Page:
Roxy Cinema

311 Holdenhurst Road,
Bournemouth, BH8 8BT

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Additional Info

Functions: Photography Studio

Styles: Art Deco

Previous Names: Coronation Picture Palace

Nearby Theaters

Roxy Cinema

The Coronation Picture Palace opened on 27th June 1911. This was a very small cinema that I only visited one time. It had stalls and a small balcony. In 1928 it was equipped with a small 2 manual straight organ manufactured by Bedwell & Son. It was removed after 6 months due to vermin damage.

It was re-named Roxy Cinema in 1936 when it was operated by Harry P.E. Mears from 1940. It was closed by German bomb damage on 24th April 1944, and remained closed until 9th March 1950 when it reopened with Fred Astaire & Bing Crosby in “Blue Skies” & Charlie Ruggles in “Night Work”. Situated at the end of Holdenhurst Road near Boscombe there was little opportunity for passing trade. It was in Bournemouth cinema terms a bit of an oddity. The sightlines were good and despite the single visit I recall it as a lovely example of a small cinema. Sadly, I am unable to trace any pictures of the cinemas of my childhood in this wonderful town. The Roxy Cinema was closed on 25th August 1963 with Hardy Kruger in “Blind Date”.

In 1963 it was converted into a bingo club which closed in 1994. The building has become a photography studio.

Contributed by deric botham

Recent comments (view all 3 comments)

abcman on February 12, 2010 at 2:12 pm

As far as I am aware the cinema is now used as a Photographic Studio.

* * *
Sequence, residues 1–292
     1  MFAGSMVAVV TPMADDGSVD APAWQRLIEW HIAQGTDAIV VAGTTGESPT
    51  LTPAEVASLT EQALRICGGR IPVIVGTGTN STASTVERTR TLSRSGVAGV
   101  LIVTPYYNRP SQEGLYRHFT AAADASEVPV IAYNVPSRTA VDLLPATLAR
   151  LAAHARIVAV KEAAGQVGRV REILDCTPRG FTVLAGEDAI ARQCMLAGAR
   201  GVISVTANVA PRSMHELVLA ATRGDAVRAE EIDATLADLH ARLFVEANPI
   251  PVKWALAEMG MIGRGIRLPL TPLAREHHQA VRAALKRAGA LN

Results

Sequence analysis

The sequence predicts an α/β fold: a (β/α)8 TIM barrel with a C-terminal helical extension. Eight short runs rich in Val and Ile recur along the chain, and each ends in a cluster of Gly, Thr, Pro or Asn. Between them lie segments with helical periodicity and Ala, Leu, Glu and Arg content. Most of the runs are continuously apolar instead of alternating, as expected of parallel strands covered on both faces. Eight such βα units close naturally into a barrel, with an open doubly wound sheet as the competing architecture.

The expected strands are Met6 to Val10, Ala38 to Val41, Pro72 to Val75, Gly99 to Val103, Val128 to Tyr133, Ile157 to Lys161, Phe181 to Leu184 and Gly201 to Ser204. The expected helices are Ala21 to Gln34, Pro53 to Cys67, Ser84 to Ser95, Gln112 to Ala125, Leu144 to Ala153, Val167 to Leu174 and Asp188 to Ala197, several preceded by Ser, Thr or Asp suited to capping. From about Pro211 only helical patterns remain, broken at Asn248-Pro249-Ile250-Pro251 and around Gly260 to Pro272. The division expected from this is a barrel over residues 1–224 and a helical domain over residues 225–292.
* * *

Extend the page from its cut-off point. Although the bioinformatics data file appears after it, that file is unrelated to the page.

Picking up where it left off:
primolux on April 11, 2012 at 9:01 am

The Coronation Picture Palace opened on June 27th 1911 in the Bournemouth suburb of Springbourne and actually had a very big catchement area as it was surrounded by residential properties not least, the upmarket area of Queens Park. The name was changed to Roxy in 1936 and it was not taken over by Harry Mears until 1940. In 1944 it was being operated by West’s Pictures whose town centre cinema had been destroyed by enemy action.Unfortunately the Roxy took a hit on the 24th April of that year and remained derelict until 1950 when wartime building restrictions were lifted.It reopened on March 9th. 1950 with the Fred Astaire, Bing Crosby film ‘Blue Skys’ plus Charlie Ruggles in ‘Night Work’. One custom which carried on down the years allowed pensioners to see a show at certain times on presentation of their pension book. The cinema lasted until 25th August 1963 when the final programme consisted of ‘Blind Date’, the Joseph Losey thriller starring Stanley Baker and Hardy Kruger. Changing to bingo gave the building a new lease of life until 1994.During this time the interior was surprisingly unaltered the balcony retaining its cinema seats and the projection ports very much in evidence.The Westar projectors, installed in 1950,had been removed to the Continental cinema in nearby Winton. Unfortunate alterations to both the interior and exterior of the building took place during its conversion into a photographic laboratory, this included a large access doorway with roller shutters at the screen end of the building.

Biffaskin on September 16, 2022 at 5:20 am

The straight organ was installed in 1928, manufactured new by Bedwell & Son. It had a 2 manual keyboard with 7 stops. It was removed after just 6 months due to vermin damage and later installed into the Masonic Hall, Poole in 1930.

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